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Contracts and Poker: Where Are You?

by Scott J. Burnham |  Published: May 05, 2021

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You are playing internet poker when suddenly a message pops up on your screen that states, “We are unable to verify your location.” A few seconds later, you are booted from the site, and finish just short of the bubble while you are disconnected. Do you have any recourse against the site?

The WSOP.com rules very clearly state that you can play only while physically located in Nevada (and comparable software has a similar rule for playing in New Jersey). The WSOP.com Terms of Service section 3.6 states: “Persons located outside of the State of Nevada, at the time of their activity, may not use the Services for real money play.” Sites like WSOP.com attempt to verify your location using your IP (Internet Protocol) address. Some players, however, try to counter their attempts by using a VPN (Virtual Private Network), which is software that allows you to send websites a different IP address which is associated with another location – in this case, one inside Nevada.

On an episode of The Orbit, Daniel Negreanu voiced his contempt for the poker sites’ geographical restrictions and stated that he did not care if a player used a VPN to participate in the game while outside of the appropriate place. The comment was made in the context of a discussion of poker regulation, and he preceded it by pointing out that the principal purpose of regulation is to assure that the game is fair for all players.

In that context, he is undoubtedly correct. Banning VPNs does not make the game fairer, and Negreanu is right that he needs no protection from players who are not located where they lead the site to believe they are located. Therefore, he concluded, poker sites should not waste time and energy ascertaining players’ locations and taking steps to disqualify those who break the rules.

I must say I have a particular grudge against WSOP.com for enforcing this rule. On a number of occasions, I was ejected from tournaments because WSOP.com could not ascertain my location even though I was located on the Las Vegas Strip! But section 3.7 makes clear that I am out of luck when this happens. It is one of the few sections that is in bold print, apparently to show that they really mean it:

3.7 UNDER NO CIRCUMSTANCES WILL WE NOR ANY OF OUR AFFILIATES OR THIRD PARTY SERVICE PROVIDERS AND THEIR RESPECTIVE AFFILIATES BE RESPONSIBLE OR LIABLE IN ANY RESPECT FOR ANY LOSSES YOU MAY INCUR AS A RESULT OF YOUR LOCATION NOT BEING ABLE TO BE PROPERLY VERIFIED FOR ANY REASON. BY USING THE GAMBLING SERVICES, YOU UNDERSTAND AND AGREE THAT SUCH RESPONSIBILITY OR LIABILITY IS BORNE EXCLUSIVELY BY YOU.

Why is this such a big deal for Caesars, the owner of WSOP.com? Player protection is not the only reason for poker regulation, and sites have other reasons for enforcing this rule. The obvious reason is to comply with state laws that prohibit internet gambling. While we can certainly disagree with such a prohibition, we have to respect the right of each state to choose how much gambling it will allow.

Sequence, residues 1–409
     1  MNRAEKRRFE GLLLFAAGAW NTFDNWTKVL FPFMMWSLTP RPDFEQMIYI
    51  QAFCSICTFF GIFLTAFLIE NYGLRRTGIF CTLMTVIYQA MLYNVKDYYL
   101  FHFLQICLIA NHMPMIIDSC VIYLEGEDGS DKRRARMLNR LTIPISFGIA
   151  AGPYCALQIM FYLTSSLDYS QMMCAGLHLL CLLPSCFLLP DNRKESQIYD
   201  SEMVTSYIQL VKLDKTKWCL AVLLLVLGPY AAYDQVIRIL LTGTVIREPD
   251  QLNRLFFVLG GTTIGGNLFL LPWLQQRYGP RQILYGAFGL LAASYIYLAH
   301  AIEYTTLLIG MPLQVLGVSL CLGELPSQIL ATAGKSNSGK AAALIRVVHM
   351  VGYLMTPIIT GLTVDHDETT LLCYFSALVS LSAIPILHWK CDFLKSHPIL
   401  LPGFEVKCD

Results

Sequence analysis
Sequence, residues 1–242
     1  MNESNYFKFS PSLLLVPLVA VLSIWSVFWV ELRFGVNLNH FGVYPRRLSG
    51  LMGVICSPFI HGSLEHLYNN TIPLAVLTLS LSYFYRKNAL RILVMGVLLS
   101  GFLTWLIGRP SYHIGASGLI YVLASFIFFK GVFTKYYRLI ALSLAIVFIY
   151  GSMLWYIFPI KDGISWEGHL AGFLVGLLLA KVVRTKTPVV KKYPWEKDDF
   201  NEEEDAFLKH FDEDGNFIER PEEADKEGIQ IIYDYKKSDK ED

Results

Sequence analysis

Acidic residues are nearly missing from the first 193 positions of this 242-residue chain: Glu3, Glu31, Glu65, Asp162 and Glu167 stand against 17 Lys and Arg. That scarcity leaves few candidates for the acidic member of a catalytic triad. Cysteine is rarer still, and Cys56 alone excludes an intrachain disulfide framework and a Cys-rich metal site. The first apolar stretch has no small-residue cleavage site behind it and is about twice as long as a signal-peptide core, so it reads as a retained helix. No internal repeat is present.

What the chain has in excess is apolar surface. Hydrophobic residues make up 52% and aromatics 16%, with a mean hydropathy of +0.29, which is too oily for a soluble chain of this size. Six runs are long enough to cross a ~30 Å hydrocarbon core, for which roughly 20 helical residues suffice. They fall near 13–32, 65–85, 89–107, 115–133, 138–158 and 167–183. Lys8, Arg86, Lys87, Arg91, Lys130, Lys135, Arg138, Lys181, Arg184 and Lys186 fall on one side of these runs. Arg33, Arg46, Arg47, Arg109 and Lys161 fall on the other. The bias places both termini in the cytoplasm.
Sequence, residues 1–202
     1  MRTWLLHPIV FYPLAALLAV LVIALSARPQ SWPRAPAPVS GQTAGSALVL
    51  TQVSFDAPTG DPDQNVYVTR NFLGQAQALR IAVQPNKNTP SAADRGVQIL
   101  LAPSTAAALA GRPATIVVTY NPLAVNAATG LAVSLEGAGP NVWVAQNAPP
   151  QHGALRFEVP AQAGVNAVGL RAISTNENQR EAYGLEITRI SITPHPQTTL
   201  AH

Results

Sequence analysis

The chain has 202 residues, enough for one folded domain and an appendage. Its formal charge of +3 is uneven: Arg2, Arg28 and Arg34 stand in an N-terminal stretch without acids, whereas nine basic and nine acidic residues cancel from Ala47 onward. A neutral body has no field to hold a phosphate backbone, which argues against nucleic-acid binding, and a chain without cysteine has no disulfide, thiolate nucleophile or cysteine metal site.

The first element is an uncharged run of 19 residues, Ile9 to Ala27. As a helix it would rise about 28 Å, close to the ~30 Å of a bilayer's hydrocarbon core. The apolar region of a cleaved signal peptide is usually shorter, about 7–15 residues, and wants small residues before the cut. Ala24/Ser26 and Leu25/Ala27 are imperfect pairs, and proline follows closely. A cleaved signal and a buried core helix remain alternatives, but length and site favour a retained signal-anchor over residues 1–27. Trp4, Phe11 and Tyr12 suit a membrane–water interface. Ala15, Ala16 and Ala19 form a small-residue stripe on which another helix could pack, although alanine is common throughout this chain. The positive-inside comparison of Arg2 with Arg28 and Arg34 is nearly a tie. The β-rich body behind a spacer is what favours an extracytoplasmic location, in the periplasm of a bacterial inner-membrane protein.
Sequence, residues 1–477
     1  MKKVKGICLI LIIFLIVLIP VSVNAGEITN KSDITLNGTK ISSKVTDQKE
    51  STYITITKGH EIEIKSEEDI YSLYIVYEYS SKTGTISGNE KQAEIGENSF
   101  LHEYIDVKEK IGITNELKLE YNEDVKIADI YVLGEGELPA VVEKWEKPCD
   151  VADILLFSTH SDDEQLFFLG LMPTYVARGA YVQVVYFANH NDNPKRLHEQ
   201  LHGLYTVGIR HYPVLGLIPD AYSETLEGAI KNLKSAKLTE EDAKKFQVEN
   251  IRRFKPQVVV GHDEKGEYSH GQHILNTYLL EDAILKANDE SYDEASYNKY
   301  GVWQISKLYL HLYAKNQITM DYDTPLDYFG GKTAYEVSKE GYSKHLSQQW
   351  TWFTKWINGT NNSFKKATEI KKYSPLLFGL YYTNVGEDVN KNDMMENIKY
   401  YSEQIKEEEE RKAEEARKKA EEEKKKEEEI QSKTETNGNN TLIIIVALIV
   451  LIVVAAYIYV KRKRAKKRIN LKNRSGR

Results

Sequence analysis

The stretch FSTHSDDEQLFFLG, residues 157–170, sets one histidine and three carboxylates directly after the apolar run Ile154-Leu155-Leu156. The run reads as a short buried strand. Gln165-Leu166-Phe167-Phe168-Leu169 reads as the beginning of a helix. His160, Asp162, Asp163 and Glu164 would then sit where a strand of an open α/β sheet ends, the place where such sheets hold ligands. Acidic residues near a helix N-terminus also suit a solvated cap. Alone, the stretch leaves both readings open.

It is both a strength and weakness of our federal system that each state may choose its own path with respect to gambling. We have come a long way from the (good old?) days when the only state in which gambling was legal was Nevada, and tribes were yet to take advantage of this aspect of their sovereignty. When a state prohibits gambling, the consequence of a violation usually falls on the organizer of the game, not the player. The theory seems to be that the players are rubes who need to be protected from the predators who would offer them a chance to gamble. This is not always the case, however. In Washington State, for example, it is a felony to play internet poker!

The consequences imposed by your state for engaging in prohibited internet poker are not much of a deterrent compared to the consequences imposed by the contract with the site on which you play. Section 15.2 of the WSOP.com Terms and Conditions states that “if You breach any of the terms and conditions of this Agreement … Your winnings may be forfeited at the discretion of the Company and the Company may retain any positive balance then existing in Your account on account of any damages or other amounts owed by You to the Company pending investigation and/or the conclusion of any legal proceedings.”

Under similar provisions in its agreement with players, PokerStars reportedly recouped over $1 million from the winner of the 2018 WCOOP main event for rules violations that may have involved the use of a VPN.

When a state allows gambling, it makes clear that a license to operate a gaming establishment is a privilege, not a right. This means that the operator’s license can be fairly easily revoked, without all the due process attached to deprivation of a right. Operators must therefore be vigilant that they comply with the terms of the license. Failure to sufficiently monitor out-of-state participants using the site could be interpreted as an open invitation to play, which would violate the terms of the license. Thus, Caesars probably monitors the location of players not so much to protect other players, but to cover its own ass.

In the process, the monitoring may inconvenience players like Negreanu, who would welcome all players to the site, no matter where they reside, and it inconveniences players like me, whose computer leads Caesars to believe they are somewhere else even when they are in the middle of Las Vegas. But that is a situation we will have to live with until legal internet poker gains more adherents among the states. ♠

Scott J. Burnham is Professor Emeritus at Gonzaga University School of Law in Spokane, Washington. He can be reached at profburnham@yahoo.com.